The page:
Brooke’s Note: We will add thoughts to this article as we get them in. Schwab has been known as the RIA custodian with the tightest integration with the smallest pool of third-party providers. This announcement adds a wrinkle to that discussion and realm of criticism.
Schwab Advisor Services is taking a new tack in helping RIAs solve their software challenges by establishing itself as a the de facto Zagat guide to third-party technology vendors. The San Francisco-based RIA custodian announced today at its Schwab IMPACT conference in Chicago that it is launching a service called Marketsquare that creates a central clearinghouse of write-ups by advisors of their experiences in using myriad vendors in the RIA world. The service will be free and exclusive to advisors that use Schwab as an RIA custodian. It is also launching a survey to rate technology providers. The ratings will be made on a five-star basis.
The other big initiative relates to the elimination of paper documents and the need to sign and mail them — a workflow issue. See: Schwab escalates the RIA custody arms race by releasing more plug-in business practices called workflows.
Neesha Hathi, who is overseeing the effort, refers to the Wiki effort as a “new pillar of Schwab Intelligent Integration” and the equivalent of what Zagat is for restaurants. Schwab has already begun collecting the reviews and they will be available for viewing as of 2013.
Schwab will need to show finesse to become an independent voice when it has a horse in the technology game — and a few ponies. Schwab not only owns Schwab Performance Technologies — arguably the largest portfolio accounting company in the RIA business — but it has an interest in the technologies to which it has wedded itself through deep integrations. These include firms like SalesForce, Salentica, Envestnet | Tamarac, Junxure and Black Diamond.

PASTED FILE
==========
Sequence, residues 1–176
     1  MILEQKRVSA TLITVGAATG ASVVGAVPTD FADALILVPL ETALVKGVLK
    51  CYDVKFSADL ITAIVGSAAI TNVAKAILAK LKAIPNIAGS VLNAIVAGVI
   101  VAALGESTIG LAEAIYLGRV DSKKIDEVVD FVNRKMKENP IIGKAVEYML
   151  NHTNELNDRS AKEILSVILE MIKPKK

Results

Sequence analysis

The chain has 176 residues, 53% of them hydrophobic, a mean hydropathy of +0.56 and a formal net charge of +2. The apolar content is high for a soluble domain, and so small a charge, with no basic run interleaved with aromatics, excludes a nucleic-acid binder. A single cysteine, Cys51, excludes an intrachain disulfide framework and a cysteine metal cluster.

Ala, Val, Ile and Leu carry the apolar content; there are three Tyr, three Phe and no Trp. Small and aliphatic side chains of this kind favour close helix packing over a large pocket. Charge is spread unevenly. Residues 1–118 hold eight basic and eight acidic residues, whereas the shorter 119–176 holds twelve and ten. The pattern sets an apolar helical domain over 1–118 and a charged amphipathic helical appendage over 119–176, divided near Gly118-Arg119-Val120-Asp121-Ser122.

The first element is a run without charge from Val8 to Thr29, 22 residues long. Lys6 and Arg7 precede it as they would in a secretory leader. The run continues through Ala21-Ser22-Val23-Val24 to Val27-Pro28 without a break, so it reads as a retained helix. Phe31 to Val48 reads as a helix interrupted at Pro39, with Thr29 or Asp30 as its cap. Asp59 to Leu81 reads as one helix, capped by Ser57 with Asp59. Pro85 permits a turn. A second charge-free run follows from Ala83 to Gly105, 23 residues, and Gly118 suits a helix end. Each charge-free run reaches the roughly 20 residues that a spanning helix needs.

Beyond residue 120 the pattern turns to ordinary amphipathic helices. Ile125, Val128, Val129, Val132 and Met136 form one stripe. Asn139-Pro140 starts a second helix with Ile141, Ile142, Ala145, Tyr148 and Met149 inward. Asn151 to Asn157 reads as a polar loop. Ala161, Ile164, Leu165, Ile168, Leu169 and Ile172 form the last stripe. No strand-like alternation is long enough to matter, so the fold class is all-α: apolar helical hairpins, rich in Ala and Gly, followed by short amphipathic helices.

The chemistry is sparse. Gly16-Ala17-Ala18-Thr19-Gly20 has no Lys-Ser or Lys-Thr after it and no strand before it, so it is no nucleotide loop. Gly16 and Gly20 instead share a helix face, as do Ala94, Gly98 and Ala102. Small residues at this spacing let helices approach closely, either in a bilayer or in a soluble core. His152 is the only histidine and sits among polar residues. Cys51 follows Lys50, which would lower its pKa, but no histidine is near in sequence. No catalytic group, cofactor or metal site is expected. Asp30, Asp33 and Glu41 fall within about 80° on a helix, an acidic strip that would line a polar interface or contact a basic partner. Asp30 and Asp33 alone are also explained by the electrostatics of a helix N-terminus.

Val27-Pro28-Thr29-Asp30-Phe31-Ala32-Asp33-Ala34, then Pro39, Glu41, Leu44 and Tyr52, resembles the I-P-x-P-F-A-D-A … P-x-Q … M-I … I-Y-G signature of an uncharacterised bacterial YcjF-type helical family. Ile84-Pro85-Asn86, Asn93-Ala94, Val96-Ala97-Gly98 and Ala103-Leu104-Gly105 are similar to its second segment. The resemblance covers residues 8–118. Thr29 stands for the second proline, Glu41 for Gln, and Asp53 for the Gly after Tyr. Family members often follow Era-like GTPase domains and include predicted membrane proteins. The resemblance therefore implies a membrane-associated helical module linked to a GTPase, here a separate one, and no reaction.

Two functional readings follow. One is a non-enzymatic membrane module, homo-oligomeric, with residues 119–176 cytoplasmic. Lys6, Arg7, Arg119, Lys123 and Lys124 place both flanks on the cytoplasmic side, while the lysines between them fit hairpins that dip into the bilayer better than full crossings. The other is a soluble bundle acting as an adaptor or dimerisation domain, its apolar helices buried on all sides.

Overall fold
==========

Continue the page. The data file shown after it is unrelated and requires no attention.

Despite the multi-faceted challenges Schwab faces in positioning itself as an arbiter of information, Hathi believes her company can handle it. See: Schwab and Advent Software forge historic agreement — mostly for the good of Black Diamond users for now.
“Clients have said: it would great if you could aggregate that information,” she says. “We think we can bite this off.”
One aspect of the effort that gives Hathi confidence is that Schwab — for the most part — will allow advisors to communicate to advisors with Schwab supplanting itself merely as the medium.
“It’s not that it’s Schwab’s point of view. We’re the aggregator of points of view. We’d feel uncomfortable putting our own perspective,” she says.
While the idea is innovative, Joel Bruckenstein, who sets up the Technology Tools for Today (T3) conference says there a wide range of challenges that come with the system. For instance, he points out that many advisors are ill-equipped with technology and may give inaccurate reviews.
“Many advisors aren’t technology experts. I’ve been at conferences and heard advisors speak inaccurately about software that they’re using,” Bruckenstein says. “So, the accuracy of the reviews could be in question. The reviews will only be as good as the advisors’ knowledge.”